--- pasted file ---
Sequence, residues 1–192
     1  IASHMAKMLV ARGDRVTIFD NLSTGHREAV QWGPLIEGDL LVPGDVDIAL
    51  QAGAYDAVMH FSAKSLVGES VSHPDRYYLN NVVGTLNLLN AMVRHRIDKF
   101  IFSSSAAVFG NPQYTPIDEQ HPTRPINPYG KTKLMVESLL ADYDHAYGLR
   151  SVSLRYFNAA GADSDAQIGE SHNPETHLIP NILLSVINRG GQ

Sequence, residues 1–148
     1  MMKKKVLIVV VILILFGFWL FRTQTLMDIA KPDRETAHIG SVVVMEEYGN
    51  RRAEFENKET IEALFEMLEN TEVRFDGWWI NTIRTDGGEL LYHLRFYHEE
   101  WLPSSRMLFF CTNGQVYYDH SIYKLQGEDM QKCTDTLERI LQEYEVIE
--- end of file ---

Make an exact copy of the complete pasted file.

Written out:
Sequence, residues 1–192
     1  IASHMAKMLV ARGDRVTIFD NLSTGHREAV QWGPLIEGDL LVPGDVDIAL
    51  QAGAYDAVMH FSAKSLVGES VSHPDRYYLN NVVGTLNLLN AMVRHRIDKF
   101  IFSSSAAVFG NPQYTPIDEQ HPTRPINPYG KTKLMVESLL ADYDHAYGLR
   151  SVSLRYFNAA GADSDAQIGE SHNPETHLIP NILLSVINRG GQ

Sequence, residues 1–148
     1  MMKKKVLIVV VILILFGFWL FRTQTLMDIA KPDRETAHIG SVVVMEEYGN
    51  RRAEFENKET IEALFEMLEN TEVRFDGWWI NTIRTDGGEL LYHLRFYHEE
   101  WLPSSRMLFF CTNGQVYYDH SIYKLQGEDM QKCTDTLERI LQEYEVIE